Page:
(WFLA) – A Tampa Bay area business announced Thursday it will sell EpiPens at cost – with no markup. The Canadian Medstore said its pharmacy partners will sell a twin pack of EpiPens for $180 – rather than the $600+ being charged at traditional stores.
“This isn’t about profit, it’s about doing the right thing and helping our neighbors in the communities we serve,” Medstore Director Bill Hepscher said. “This medication could mean the difference between life and death but many families cannot afford the increased prices. Imagine being that parent, it’s heartbreaking”
“God forbid we lose a child in one of our communities to an anaphylactic episode simply because the family didn’t have the financial ability to purchase the very medication that would save their child’s life. I cannot let that happen. We are blessed to be in the position to help these folks, we have a moral obligation to help and that is what we are going to do,” Hepscher added.
The Canadian Medstore has locations in Tarpon Springs, Lakeland, Zephyrhills, Largo, Altamonte Springs and Tampa. Find the addresses here.
News Channel 8 talked with the business about the safety of its medications, since they are not regulated by the FDA. These medications come from around the world. The company said its products are safe
Earlier Thursday EpiPen owner Mylan said it will bulk up programs that help patients pay for its EpiPen emergency allergy treatment. Mylan has weathered heated criticism about an average cost that has climbed more than 600 percent over the past decade.
But the drugmaker didn’t budge on its price, which has drawn ire both in Congress and from families that have had to shell out increasingly large sums for the potentially life-saving treatment.
That means the insurers and employers that pay the bulk of the EpiPen cost for many patients will continue to do so, contributing to higher health insurance costs.
“That’s just going to come out in the premiums,” said Sabrina Corlette, a research professor at the Georgetown University’s Health Policy Institute. “Everybody suffers, except the Mylan investors.”
The average price of a two-dose EpiPen package climbed to about $608 earlier this year, up from around $94 nine years ago, according to the Elsevier Clinical Solutions’ Gold Standard Drug Database.
Mylan CEO Heather Bresch told CNBC Thursday that lowering the price was not an option.
“Had we reduced the list price, I couldn’t ensure that everyone who needs an EpiPen gets one,” she said.
Democratic presidential candidate Hillary Clinton and members of Congress from both parties have quickly ramped up criticism of the company and its pricing.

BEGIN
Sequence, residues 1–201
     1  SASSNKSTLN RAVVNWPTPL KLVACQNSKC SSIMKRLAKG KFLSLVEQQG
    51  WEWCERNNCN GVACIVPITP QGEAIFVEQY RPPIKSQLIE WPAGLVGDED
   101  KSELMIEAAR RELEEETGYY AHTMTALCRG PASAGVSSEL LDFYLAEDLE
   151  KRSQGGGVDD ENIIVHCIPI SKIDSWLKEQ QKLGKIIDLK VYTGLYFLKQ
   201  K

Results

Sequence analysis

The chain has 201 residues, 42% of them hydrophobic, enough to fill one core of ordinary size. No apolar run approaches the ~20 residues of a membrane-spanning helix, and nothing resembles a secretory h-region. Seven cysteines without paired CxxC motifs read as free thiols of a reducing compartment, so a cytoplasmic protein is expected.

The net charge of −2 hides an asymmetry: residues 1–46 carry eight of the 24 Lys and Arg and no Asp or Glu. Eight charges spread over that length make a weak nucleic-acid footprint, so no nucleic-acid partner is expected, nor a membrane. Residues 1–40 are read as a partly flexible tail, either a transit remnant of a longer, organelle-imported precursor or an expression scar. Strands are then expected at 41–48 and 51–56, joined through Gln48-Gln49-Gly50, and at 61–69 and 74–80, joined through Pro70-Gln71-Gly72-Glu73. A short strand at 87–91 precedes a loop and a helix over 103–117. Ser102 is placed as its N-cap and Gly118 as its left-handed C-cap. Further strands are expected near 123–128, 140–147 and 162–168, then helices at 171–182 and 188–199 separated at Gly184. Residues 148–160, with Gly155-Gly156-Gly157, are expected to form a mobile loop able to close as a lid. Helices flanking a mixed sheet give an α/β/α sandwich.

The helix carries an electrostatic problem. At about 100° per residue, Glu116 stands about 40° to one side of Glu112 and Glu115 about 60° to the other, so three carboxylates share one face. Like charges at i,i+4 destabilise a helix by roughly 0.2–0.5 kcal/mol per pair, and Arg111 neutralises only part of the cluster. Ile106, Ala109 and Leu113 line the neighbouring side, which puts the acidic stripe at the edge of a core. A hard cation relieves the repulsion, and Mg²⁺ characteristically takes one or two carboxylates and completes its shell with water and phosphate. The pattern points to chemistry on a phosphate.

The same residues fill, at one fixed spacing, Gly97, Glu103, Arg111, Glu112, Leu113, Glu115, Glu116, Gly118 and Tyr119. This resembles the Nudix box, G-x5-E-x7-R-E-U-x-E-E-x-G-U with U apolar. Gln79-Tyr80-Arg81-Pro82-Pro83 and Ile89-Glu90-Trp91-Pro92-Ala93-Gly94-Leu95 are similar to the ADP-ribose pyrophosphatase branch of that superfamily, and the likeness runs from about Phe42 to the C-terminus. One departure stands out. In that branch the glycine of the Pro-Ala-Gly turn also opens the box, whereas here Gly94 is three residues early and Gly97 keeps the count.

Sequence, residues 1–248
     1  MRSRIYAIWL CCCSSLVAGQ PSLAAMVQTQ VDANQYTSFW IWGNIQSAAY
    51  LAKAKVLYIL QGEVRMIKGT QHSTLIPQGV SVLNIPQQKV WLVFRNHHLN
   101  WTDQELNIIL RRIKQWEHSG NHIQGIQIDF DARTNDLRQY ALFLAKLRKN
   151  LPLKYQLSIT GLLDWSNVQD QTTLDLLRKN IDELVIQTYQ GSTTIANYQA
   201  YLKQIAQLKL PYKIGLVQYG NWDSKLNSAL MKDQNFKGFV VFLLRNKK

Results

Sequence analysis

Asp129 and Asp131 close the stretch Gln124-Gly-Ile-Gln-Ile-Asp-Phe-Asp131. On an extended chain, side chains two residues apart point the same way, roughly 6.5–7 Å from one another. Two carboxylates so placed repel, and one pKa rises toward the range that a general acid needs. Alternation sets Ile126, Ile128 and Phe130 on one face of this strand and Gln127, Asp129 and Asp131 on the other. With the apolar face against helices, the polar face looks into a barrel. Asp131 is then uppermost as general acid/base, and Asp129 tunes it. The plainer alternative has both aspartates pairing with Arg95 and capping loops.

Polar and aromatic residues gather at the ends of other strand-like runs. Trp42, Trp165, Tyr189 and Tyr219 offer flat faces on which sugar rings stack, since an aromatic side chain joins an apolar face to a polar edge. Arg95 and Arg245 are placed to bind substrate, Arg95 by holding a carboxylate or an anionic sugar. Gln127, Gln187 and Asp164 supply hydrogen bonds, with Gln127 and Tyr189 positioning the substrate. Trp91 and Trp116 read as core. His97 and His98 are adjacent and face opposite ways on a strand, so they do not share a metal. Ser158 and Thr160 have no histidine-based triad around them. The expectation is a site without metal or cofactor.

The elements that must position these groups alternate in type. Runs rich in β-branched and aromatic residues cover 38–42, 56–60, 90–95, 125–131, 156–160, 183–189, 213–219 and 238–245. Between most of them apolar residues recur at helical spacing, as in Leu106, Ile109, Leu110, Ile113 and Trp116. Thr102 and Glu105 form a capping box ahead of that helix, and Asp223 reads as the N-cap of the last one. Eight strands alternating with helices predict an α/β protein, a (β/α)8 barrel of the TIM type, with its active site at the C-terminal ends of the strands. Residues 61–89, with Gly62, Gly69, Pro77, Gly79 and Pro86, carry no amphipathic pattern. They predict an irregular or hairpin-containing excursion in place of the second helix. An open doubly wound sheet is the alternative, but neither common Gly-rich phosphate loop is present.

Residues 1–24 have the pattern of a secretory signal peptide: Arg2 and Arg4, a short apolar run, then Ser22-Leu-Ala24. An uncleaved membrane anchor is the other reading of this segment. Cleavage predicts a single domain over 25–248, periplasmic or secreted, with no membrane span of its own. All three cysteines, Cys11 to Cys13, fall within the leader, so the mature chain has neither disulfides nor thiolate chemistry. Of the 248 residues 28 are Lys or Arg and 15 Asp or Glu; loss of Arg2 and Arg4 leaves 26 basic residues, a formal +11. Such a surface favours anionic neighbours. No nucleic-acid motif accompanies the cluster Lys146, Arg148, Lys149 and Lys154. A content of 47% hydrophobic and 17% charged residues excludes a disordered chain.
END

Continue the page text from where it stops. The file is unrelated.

Pharmaceutical and biotech industries can fuel American innovation, and combat debilitating diseases, Clinton said Wednesday. But she added that “it’s wrong when drug companies put profits ahead of patients, raising prices without justifying the value behind them.”
Bresch said Thursday that Mylan gets $274 for a two-dose EpiPen package. The rest of the $608 price goes to entities that stand between the drugmaker and the patient, like insurers, pharmacy benefits managers, wholesalers and drugstores.
“This isn’t an EpiPen issue,” she said. “This isn’t a Mylan issue. This is a health care issue.”
However, it is Mylan that is increasing the price of the drug and the company stuck by those price hikes Thursday.
That stance brought a wave of new money from investors who drove Mylan’s shares up more than 3 percent in early trading, while all major U.S. indexes were in decline.
Mylan did say, however, that it was doubling the eligibility for its patient assistance program to people with incomes four times higher than the federal poverty level. It said that means a family of four making up to $97,200 would pay nothing out of pocket for the treatment. It also noted that its $300 savings card would cut the bill in half for patients who would otherwise have to pay full price for the EpiPen.
Patients also will be able to order the injected medicine directly from the company, to help lower costs.
These measures could provide significant help for people with no coverage facing the full bill. But they might have more limited value to a patient whose insurer will cover most of the bill anyway and whose future premium could be affected each year.
Customers of Express Scripts Holding Co., the nation’s largest pharmacy benefits manager, pay about $73.50 out of pocket for an EpiPen prescription, spokesman Brian Henry said. He noted that price has stayed relatively stable the past couple years.
Last year, more than 3.6 million U.S. prescriptions for two-packs of EpiPens were filled, according to data firm IMS Health. That brought in sales of nearly $1.7 billion for Mylan.Learn more about EpiPen here.
Sarah Jessica Parker cuts ties with EpiPen after price hike
Saying she is “disappointed, saddened and deeply concerned” by the price hike of the EpiPen, actress Sarah Jessica Parker has cut ties with the company that makes the emergency allergy treatment.
Parker, whose 13-year-old son James has severe peanut and hazelnut allergies, was part of a short campaign with pharmaceutical giant Mylan N.V., maker of the EpiPen. She was never a spokeswoman.
Parker took to Instagram on Thursday to distance herself from the company and urged it to “take swift action to lower the cost to be more affordable for whom it is a life-saving necessity.”